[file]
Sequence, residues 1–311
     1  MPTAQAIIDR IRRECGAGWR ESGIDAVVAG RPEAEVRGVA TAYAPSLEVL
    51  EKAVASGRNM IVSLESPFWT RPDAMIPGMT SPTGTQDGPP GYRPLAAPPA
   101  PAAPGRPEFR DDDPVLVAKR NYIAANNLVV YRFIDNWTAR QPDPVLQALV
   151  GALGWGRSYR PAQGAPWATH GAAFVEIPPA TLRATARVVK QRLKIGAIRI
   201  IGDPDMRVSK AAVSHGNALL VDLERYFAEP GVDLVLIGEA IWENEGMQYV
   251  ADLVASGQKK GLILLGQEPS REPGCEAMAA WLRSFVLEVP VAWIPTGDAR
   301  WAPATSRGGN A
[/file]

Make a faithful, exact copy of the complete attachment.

Sequence, residues 1–311
     1  MPTAQAIIDR IRRECGAGWR ESGIDAVVAG RPEAEVRGVA TAYAPSLEVL
    51  EKAVASGRNM IVSLESPFWT RPDAMIPGMT SPTGTQDGPP GYRPLAAPPA
   101  PAAPGRPEFR DDDPVLVAKR NYIAANNLVV YRFIDNWTAR QPDPVLQALV
   151  GALGWGRSYR PAQGAPWATH GAAFVEIPPA TLRATARVVK QRLKIGAIRI
   201  IGDPDMRVSK AAVSHGNALL VDLERYFAEP GVDLVLIGEA IWENEGMQYV
   251  ADLVASGQKK GLILLGQEPS REPGCEAMAA WLRSFVLEVP VAWIPTGDAR
   301  WAPATSRGGN A